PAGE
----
We go now to one questioning her nature.

Story 2 - One More Step

Just one more step. That was all she needed. Truth be told, it seemed like there was always one more step she needed to take, one more test to prove she was worthy of the power and the resources and the secrets that she needed. Someday, she knew, she would leave, and all the sacrifices she’d made would be worth it, all the moral greys painted over with the value of the present.

She was just one step away, now, she was certain, actually just one step left, before she took all that she had gotten from this dark institution and flew like the wind. And she hoped that this moment, in which she sat on a long black leather bench that comprised the waiting room for the Director’s office, was not about to ruin her investment.

Past her was Harrow, holding the hand that remained of Arnold, and Victoria, and a freckled boy who looked on the verge of tears, and a mudstained girl who glared back at her, and a skinless ghost hovering to inspect the wall portraits at the end of the bench.

“I don’t understand why you wouldn’t tell me first,” Clara said. “A ghost from the Scoutpost shows up and Victoria is the one you go to?”

“Gee, I wonder why,” Victoria muttered.

“He doesn’t like being called a ghost,” Russell piped up from further down the bench. “Oh shoot. Well, he’s just a kid.”

“A pretty dead looking kid,” muttered Johannah.

“Hey,” said Al. “I can hear you.”

Clara was not sure the rest of the group could hear him, and as Dogsmell nosed up at the ghastly boy in the air, she redirected her attention to Victoria.

“What?” Clara said. “I thought you’d still consider me a friend, Harrow.”

Harrow was quiet, and pulled the hand of Arnold closer.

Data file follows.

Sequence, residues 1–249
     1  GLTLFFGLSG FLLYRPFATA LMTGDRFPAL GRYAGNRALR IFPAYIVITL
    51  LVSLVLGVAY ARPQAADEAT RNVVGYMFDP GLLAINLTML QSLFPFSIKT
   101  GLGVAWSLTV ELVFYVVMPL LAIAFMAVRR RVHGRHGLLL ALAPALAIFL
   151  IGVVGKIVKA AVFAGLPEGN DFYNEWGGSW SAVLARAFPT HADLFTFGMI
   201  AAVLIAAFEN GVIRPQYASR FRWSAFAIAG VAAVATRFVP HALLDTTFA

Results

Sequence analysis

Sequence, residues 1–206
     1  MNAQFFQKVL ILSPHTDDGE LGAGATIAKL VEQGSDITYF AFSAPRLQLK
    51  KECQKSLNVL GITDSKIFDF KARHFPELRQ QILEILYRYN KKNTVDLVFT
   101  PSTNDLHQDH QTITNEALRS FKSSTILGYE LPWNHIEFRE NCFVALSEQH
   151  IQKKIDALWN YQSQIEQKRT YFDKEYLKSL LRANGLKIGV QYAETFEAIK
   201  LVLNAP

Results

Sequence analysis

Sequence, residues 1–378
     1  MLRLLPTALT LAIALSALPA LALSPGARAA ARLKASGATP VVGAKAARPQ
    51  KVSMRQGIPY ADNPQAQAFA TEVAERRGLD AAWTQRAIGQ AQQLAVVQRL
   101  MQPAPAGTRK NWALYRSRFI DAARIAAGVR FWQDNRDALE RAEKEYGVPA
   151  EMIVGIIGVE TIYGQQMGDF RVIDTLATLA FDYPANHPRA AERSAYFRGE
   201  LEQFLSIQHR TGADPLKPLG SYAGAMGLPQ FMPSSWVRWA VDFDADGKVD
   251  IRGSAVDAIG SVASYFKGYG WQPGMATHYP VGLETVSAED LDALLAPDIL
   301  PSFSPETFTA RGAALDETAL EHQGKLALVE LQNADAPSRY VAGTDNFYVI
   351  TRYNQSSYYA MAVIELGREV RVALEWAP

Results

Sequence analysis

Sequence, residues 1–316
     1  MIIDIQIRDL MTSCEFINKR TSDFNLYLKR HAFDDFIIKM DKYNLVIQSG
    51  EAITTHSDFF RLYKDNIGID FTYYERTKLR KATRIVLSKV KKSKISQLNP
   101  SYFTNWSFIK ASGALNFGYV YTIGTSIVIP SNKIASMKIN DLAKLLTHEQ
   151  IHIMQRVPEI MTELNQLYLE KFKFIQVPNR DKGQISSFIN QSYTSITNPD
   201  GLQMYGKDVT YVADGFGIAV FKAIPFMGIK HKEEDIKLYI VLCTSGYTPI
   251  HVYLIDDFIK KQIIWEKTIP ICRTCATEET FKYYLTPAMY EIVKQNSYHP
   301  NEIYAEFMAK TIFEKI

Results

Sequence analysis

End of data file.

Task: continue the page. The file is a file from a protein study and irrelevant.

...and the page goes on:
“It’s because the first thing you’d do is turn around and tattle to the Director,” Victoria said quietly.

“Harrow is literally her kid,” Clara said. “How am I the security risk? Listen, if this is about the summer program, all I ever did was try to get everyone home safe…”

“I believe that,” Harrow said, speaking up for the first time since they’d entered the waiting room. “But when you got home from an awful test that killed our friends, my mother said you were the winner and you accepted it.”

Clara was speechless for a moment, took off her glasses, polished them in the hem of her skirt. “Friday is not dead,” she said. “And… apparently neither is Arnold. And you two are going to lecture me? We are all still here. Every one of us.”

“Unfortunately,” said Johannah from the end of the bench. “When’s the lady going to let us in?”

“Whatever you do,” Harrow said quietly, and turned zir face to the new arrivals. “If she asks you if you want to join the library, don’t do it.”

“Why not?” said Al, hovering down. The little ghost scanned the three of them, but it was her that he looked to. “You can see me. There’s so many people here that are weird, like me.”

“It wasn’t what we agreed on,” Russell piped up. “You were just going to take a look and go home. If I go back without you it’s kidnapping.”

“Doesn’t count when it’s all kids,” Johannah said.

“Some kind of napping,” Russell said. “Listen, Al, I like having you as a friend. Promise you’ll come back with me.”

“You could stay here with me,” Al said, and glanced around the waiting room. “I’m sure there’s lots of kids you could be friends with. Who wouldn’t bully you like Cole.”

“Invitations here are very exclusive,” Victoria said. “There has to be something really special about you to get in.”

“So Russell isn’t allowed,” Johannah said.

“Neither are you,” said Russell.